Balmuda, the Tokyo-based appliance brand best known for its steam-powered toaster that promises “the ultimate aroma and texture” for your morning slice, has combined all its knowledge of heat and water and has come up with.. … a glowing Bluetooth speaker.
Such credentials wouldn’t normally get us excited to test it with a view to adding it to our best Bluetooth speaker buying guide. And then there’s the price: $399 (that’s about £329 or AU$599) – hardly a bargain.
Thing is, we’re intrigued… After all, if a supposedly licensed toaster from (if not officially announced) the XBox Series S is possible, then why not get a decent Bluetooth speaker from a company more accustomed to making breakfast equipment?
And while McIntosh still makes one of the most beautiful Bluetooth speakers I’ve ever seen, Balmuda the Speaker (for that’s what it’s called – the company’s catalog also includes Balmuda the Lantern, Balmuda the Kettle, and of course Balmuda the Toaster) does a appeal to the same top hi-fi aesthetic. It’s the kind of thing that makes us think “Ooh, are those tube amps?”
They’re not – those three tubes contain LEDs that can be set to ‘Beat’, ‘Ambient’ or ‘Candle’ modes, but Balmuda assures us that the lights are precisely synchronized at a rate of 0.004 seconds.
And Balmuda’s founder and CEO, General Terao, spent his formative years in a rock band, so it was a natural ambition to want to design a loudspeaker that can replicate the thrilling sensation of live music, culminating in the launch of the speaker in October 2022.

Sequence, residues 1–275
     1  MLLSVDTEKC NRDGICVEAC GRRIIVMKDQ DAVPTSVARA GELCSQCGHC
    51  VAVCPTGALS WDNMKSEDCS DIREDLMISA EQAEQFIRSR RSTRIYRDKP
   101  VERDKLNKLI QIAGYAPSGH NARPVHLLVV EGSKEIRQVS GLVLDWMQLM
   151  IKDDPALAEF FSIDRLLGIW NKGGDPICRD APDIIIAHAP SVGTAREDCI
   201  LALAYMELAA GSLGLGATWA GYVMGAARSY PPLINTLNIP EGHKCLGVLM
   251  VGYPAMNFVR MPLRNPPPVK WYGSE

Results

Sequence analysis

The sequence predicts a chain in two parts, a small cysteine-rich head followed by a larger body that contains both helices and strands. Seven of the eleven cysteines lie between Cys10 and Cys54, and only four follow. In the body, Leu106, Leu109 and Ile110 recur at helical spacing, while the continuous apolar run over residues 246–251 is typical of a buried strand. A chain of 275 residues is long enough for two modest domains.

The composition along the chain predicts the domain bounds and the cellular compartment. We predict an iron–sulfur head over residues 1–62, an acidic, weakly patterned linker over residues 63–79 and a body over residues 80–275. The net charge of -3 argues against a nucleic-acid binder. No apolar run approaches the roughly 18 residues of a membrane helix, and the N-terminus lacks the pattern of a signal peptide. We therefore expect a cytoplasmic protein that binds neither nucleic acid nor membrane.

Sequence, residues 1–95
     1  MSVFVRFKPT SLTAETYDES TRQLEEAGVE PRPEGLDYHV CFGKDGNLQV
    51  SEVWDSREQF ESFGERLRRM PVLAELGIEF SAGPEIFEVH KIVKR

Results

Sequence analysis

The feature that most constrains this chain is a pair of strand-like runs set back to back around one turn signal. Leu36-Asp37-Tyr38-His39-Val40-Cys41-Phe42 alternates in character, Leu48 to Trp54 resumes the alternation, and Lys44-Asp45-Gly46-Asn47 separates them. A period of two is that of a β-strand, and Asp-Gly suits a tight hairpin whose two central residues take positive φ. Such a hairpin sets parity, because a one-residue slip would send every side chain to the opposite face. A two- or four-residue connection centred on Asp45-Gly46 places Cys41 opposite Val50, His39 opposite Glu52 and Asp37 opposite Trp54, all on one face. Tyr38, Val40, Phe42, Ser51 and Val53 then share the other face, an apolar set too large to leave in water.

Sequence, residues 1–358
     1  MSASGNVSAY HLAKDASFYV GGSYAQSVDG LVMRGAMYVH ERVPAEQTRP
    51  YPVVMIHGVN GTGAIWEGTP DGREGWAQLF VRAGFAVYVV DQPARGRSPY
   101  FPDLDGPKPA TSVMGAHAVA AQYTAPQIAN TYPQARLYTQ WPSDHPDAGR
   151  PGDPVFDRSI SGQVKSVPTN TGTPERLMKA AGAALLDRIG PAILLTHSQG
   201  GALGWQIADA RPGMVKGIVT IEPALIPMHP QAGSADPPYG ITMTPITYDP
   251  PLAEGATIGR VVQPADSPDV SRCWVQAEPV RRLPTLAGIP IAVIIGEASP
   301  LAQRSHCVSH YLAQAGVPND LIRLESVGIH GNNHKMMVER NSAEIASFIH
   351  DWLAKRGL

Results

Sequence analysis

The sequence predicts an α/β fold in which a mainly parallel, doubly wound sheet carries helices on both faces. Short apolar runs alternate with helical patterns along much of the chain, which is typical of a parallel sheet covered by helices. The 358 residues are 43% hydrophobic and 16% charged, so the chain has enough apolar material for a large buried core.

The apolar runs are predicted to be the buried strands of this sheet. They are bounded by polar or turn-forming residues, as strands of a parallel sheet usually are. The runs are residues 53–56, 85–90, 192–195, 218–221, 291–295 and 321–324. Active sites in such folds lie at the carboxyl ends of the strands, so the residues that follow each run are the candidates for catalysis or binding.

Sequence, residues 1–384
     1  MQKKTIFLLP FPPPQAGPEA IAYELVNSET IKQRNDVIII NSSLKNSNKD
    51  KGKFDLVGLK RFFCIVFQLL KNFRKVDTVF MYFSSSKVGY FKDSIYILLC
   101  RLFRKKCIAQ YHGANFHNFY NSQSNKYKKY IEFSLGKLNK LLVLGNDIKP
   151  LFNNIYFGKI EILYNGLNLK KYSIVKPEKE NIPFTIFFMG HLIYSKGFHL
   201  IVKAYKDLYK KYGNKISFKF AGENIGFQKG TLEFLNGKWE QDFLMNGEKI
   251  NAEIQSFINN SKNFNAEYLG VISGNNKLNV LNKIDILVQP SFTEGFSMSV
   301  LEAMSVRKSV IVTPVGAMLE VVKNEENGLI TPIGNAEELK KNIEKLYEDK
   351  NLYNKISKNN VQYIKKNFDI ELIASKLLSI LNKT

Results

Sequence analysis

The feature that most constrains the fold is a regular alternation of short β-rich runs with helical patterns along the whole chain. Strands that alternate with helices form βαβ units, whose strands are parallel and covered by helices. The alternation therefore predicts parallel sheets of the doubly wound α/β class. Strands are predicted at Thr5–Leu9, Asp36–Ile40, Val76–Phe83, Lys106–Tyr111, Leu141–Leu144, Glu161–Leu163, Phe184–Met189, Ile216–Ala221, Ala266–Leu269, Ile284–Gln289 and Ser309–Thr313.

Opinion: Despite being a hugely successful steam-powered toaster, Balmuda the Speaker seems a little hot
Lo and behold, the Apple HomePod 2 is fresh off the production lines, with smart Siri speech, multi-room audio and stunning spatial audio sound quality (albeit with less impact than the original Apple HomePod) and it will only cost you $299 / £299 / AU $479. So Balmuda’s pricing strategy here is bold – and that’s putting it mildly.
Yes, we’d love to hear Balmuda the Speaker’s “unique” upward-firing 77mm driver and “3D Sound Driver” (promising detailed, omnidirectional sound) and if it’s able to challenge winning flagship speakers from audio greats at the level , even better.
The product received attention and praise, winning Esquire’s 2022 Gadget Award for “Best Bluetooth Speaker”. But could this, like the admittedly beautiful Nothing Ear Stick earbuds, be a matter of prioritizing style over substance – a speaker destined for the polished places only the hypebeast (and hypebae) elite frequent? Hard to say unless we hear it. But we must confess, we do want to to hear it…
Until such an opportunity arises, our guide to the best wireless speakers has plenty of excellent alternatives from names like Sonos, Bowers & Wilkins, Naim, Sony and Marshall…